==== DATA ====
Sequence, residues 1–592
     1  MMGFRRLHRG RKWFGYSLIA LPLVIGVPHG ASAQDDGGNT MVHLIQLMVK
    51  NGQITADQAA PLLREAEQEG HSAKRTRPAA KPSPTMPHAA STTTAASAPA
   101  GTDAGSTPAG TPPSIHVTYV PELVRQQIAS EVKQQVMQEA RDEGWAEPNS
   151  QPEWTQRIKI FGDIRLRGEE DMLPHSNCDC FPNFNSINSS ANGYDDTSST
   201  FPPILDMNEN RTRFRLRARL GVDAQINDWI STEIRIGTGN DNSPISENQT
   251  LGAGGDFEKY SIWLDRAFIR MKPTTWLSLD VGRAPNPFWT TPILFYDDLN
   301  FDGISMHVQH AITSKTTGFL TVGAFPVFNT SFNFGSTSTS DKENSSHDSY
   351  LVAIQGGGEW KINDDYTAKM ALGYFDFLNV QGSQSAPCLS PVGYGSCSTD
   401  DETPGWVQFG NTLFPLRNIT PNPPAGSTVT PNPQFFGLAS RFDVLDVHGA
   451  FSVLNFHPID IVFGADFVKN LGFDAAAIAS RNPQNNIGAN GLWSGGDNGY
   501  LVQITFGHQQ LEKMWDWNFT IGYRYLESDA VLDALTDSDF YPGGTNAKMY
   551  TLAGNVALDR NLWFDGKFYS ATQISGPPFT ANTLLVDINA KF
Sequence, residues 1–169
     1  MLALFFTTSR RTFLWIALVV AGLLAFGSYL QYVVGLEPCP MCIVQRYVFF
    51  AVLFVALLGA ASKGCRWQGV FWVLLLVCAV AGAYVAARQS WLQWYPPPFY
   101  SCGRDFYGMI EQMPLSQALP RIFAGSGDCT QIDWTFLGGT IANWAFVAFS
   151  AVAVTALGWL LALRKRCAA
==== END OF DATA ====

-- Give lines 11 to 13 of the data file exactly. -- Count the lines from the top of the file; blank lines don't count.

   451  FSVLNFHPID IVFGADFVKN LGFDAAAIAS RNPQNNIGAN GLWSGGDNGY
   501  LVQITFGHQQ LEKMWDWNFT IGYRYLESDA VLDALTDSDF YPGGTNAKMY
   551  TLAGNVALDR NLWFDGKFYS ATQISGPPFT ANTLLVDINA KF